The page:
“Scientists list hurdles to replacing Indian Point” by Devlin Barrett
by Site Admin
on Jun 7, 2006
• 12:46 pm No Comments
“WASHINGTON – Closing the Indian Point nuclear power plants would be costly and difficult, but it could be done if the state and power companies moved quickly and built big, new facilities, a group of scientists said yesterday.
A National Academy of Sciences committee said there is no technological barrier to replacing the Westchester nuclear power plants, but rather a host of financial and regulatory hurdles.
Since 9/11, residents around the plants in Buchanan have worried about terrorist attacks.
Federal regulators and the private company that runs Indian Point have repeatedly insisted the site is secure, but that has not stopped the criticism.
Rep. Nita Lowey (D-Westchester), who wants to close Indian Point, had sought the scientific review, which suggests the growing energy demands in the metropolitan area would make shutting down the reactors difficult.
“The committee has identified no insurmountable technological barriers to the replacement of Indian Point’s capacity, energy and ancillary services, but significant financial, institutional, regulatory and political barriers also would have to be overcome to avoid threatening reliability,” the group said in a report.
“We can meet the region’s increasing energy demands without Indian Point,” Lowey said.
The problem, the report argues, is that Indian Point now cranks out nearly a quarter of the power used in the metro area, with demand growing fast.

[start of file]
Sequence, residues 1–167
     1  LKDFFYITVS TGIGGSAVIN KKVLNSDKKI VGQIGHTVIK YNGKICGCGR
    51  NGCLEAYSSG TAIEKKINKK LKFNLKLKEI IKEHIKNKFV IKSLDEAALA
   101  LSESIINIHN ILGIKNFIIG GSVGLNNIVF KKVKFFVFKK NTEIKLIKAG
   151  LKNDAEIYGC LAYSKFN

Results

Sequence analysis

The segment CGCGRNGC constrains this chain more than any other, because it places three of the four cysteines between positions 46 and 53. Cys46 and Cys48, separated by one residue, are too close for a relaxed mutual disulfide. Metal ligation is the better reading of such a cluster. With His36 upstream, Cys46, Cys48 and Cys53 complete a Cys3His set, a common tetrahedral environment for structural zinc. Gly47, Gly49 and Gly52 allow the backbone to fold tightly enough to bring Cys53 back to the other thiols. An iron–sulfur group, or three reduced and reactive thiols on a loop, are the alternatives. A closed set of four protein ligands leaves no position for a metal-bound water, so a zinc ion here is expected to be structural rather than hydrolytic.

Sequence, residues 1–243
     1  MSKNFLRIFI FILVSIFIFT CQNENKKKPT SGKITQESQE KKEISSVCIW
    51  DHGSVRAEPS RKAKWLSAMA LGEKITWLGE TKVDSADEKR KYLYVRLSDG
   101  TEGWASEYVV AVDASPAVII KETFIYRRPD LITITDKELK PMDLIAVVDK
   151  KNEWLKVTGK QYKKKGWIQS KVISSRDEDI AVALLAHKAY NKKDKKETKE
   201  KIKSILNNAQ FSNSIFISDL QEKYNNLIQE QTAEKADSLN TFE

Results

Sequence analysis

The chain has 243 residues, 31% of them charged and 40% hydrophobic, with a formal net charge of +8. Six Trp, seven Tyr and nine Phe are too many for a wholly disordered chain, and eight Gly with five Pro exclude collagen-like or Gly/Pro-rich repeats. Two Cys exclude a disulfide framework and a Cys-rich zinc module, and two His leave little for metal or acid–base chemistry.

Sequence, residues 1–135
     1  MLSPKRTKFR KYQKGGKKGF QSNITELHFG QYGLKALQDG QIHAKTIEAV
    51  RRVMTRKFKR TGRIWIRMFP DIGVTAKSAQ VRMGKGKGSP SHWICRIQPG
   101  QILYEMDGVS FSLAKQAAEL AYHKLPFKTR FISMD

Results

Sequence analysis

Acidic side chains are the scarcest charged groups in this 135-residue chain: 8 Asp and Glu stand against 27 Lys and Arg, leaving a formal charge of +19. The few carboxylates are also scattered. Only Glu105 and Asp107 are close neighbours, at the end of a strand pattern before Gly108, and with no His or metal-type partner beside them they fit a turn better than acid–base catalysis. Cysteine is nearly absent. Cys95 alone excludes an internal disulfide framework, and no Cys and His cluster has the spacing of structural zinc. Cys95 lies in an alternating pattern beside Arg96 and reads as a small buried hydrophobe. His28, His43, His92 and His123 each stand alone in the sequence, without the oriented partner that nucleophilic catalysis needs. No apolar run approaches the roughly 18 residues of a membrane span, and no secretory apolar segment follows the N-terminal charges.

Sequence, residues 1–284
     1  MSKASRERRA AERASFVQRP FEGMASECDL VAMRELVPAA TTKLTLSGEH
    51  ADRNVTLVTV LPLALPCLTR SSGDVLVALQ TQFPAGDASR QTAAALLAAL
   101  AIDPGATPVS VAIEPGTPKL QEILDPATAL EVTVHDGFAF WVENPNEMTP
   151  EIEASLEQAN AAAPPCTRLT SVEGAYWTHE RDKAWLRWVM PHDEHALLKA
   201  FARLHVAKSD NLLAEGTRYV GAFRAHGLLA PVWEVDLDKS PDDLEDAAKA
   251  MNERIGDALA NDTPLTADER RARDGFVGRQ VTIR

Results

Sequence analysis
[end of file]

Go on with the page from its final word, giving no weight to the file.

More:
The report, by design, took no position on whether Indian Point should be closed.
The committee warned that generating capacity in the New York City area may be outstripped by peak demand in as little as three years.
Indian Point is a 2,000-megawatt facility, and the state’s power needs are expected to grow by 1,200 to 1,600 megawatts by 2010.
The experts also suggested public resistance, bureaucratic delay and market forces may slow the expansion of needed power plants until the demand reaches a crisis point.
A spokesman for the plants’ owner, Entergy Nuclear Northeast, praised the report, saying, “It’s actually a good illustration of the value of the plant.
“They not only point out the hurdles that would have to be overcome to close the plant, they point out the toxic gases, the contribution to global warming, seeing electricity costs rise,” said spokesman Jim Steets.”
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